A Little Night Music

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Photo Source: JoanMarcus
I have always felt that director Trevor Nunn approaches musicals and plays with different palettes: broad and bold for the former, detailed and nuanced for the latter. In this chamber version of "A Little Night Music," however, he seems to have applied his play palette to a musical. While it's hard not to miss the romantic sweep and orchestral lushness of Harold Prince's glorious original production, which I saw on national tour multiple times, what Nunn delivers is a persuasive and entertaining account of a great American musical.

The show runs longer this time around, a good three hours, due to the wealth of subtext being played in the scenes and slower tempos for the songs. The pace may be more deliberate, but the acting is richer, and interest never flags. One dividend is the attention being paid to Sondheim's phenomenal lyrics. I have never heard them get more laughs than in this production, aided by Jason Carr's elegant and supportive eight-piece re-orchestration.

The generally excellent company is led by three top-flight performances. There is no "Night Music" without a successful Desiree, and it has one here in the somewhat unlikely person of Catherine Zeta-Jones. Her Desiree is very much the journeyman, working-class actor. Oh, she's still refined and can play the grand lady when required, but this Desiree goes out for drinks with the company, where she tells bawdy jokes and is the life of the party. Zeta-Jones zeroes in on the fun Desiree and Fredrik had with each other during their affair. It makes for a unique and memorable creation, leading to a terrific "Send in the Clowns," notable not for its rue but for its self-laceration.

Alexander Hanson is every inch her equal as the unhappy lawyer with a determinedly virginal bride. His Fredrik is simultaneously self-possessed and hopelessly flummoxed by his obsession with Anne. His dry contempt for Desiree's lover, Count Malcolm, is beautifully done. Their second-act duet, "It Would Have Been Wonderful," is a highlight.

Angela Lansbury is enjoying another late-career triumph as Desiree's disapproving mother, Mme. Armfeldt. More refined and less acerbic than the divine Hermione Gingold but no less authoritative and just as funny, Lansbury accentuates the former courtesan's growing uncertainty about her life choices. Her "Liaisons" brims with reluctant contempt and well-worn nostalgia, and her final scene is deeply moving.

Ramona Mallory's flighty Anne is still a teenage girl and not yet a young woman, and Mallory takes her right to the edge without spilling into caricature. Aaron Lazar is a more intelligent and self-doubting count than usual, which only makes the character's blind self-regard even funnier. Leigh Ann Larkin makes Petra a highly calculating servant, infusing "The Miller's Son" with a hard sense of her life's limitations leavened by a giddy belief in the possibility of surmounting them. Katherine Leigh Doherty is a font of maturity and calm as 13-year-old Fredrika, Desiree's illegitimate daughter, who's wiser than the adults surrounding her.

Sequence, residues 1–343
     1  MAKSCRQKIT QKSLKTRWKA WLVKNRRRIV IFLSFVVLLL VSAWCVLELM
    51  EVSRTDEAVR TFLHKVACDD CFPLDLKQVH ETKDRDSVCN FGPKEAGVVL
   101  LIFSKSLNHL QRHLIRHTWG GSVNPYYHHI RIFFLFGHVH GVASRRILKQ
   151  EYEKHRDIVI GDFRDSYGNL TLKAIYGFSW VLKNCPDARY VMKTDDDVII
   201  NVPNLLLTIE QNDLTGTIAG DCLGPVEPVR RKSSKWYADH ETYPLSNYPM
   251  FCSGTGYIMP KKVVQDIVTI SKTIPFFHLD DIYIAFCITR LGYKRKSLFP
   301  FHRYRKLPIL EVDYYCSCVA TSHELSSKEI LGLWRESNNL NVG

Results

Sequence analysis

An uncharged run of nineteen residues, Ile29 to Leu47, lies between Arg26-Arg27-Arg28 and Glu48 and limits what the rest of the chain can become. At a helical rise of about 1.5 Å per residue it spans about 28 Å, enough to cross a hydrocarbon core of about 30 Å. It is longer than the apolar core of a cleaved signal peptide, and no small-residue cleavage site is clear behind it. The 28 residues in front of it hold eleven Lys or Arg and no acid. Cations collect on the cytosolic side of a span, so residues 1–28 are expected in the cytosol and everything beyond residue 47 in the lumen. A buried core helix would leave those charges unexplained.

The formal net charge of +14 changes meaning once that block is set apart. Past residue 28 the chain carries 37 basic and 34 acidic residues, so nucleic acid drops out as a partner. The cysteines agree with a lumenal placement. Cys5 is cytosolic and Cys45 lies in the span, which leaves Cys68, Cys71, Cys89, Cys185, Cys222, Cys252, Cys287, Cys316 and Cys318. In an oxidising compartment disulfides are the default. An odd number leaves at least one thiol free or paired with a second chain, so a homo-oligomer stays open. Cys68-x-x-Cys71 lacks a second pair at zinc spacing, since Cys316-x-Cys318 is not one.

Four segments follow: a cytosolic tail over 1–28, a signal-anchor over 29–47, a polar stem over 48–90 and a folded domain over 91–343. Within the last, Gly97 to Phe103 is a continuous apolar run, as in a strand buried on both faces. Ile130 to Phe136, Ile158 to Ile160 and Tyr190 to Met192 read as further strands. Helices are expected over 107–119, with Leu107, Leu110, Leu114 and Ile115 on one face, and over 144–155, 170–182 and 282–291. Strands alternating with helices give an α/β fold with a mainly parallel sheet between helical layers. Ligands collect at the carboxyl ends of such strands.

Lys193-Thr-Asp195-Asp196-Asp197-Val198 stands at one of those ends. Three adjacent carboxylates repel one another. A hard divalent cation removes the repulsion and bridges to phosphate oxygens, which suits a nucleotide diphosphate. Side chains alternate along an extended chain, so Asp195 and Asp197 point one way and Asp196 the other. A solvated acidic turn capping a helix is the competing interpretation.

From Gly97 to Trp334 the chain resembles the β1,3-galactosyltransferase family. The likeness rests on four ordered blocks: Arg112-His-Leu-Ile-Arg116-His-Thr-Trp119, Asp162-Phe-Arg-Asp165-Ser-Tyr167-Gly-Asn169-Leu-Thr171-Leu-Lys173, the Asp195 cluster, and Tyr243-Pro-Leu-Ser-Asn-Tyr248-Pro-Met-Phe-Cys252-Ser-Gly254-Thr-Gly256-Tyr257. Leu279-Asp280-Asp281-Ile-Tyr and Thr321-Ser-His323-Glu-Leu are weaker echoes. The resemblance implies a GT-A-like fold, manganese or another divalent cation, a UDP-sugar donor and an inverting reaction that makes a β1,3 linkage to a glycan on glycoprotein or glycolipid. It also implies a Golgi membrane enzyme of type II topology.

Nunn makes two missteps. His direction of Erin Davie demolishes the hard carapace of wit Countess Charlotte Malcolm has erected to protect herself from the degradation of her marriage, leaving only the vulnerable, troubled woman. Davie does it well, but it's less interesting. As Henrik, Fredrik's religiously obsessed son, Hunter Ryan Herdlicka strains vocally, but his acting is not distinctive enough to justify the compromise.

David Farley's simple unit set of blond paneling and antique mirrors that accommodate projections serves Nunn's vision nicely, as do Farley's monochromatic but stylish costumes. Hartley T A Kemp's lights are too dark during the opening "Night Waltz" but otherwise succeed in providing a sense of perpetual Swedish twilight.

Moments such as the soaring finish of "A Weekend in the Country" may not pack as much punch due to the reduced circumstances, but there are plenty of countervailing new pleasures to be found in Nunn's thoughtful take on this Broadway classic.

Presented by Tom Viertel, Steven Baruch, Marc Routh, Richard Frankel, the Menier Chocolate Factory, Roger Berlind, David Babani, Sonia Friedman Productions, Andrew Fell, Daryl Roth/Jane Bergère, Harvey Weinstein/Raise the Roof 3, Beverly Bartner/Dancap Productions, Nica Burns/Max Weitzenhoffer, Eric Falkenstein/Anna Czekaj, Jerry Frankel/Ronald Frankel, James D. Stern/Douglas L. Meyer at the Walter Kerr Theatre, 219 W. 48th St., NYC. Opened Dec. 13 for an open run. Tue., 7 p.m.; Wed.–Sat., 8 p.m.; Wed. and Sat., 2 p.m.; Sun., 3 p.m. (No performance Thu., Dec. 24 and 31; additional performance Mon., Dec. 28, 8 p.m.) (212) 239-6200, (800) 432-7250, or www.telecharge.com. Casting by Tara Rubin Casting.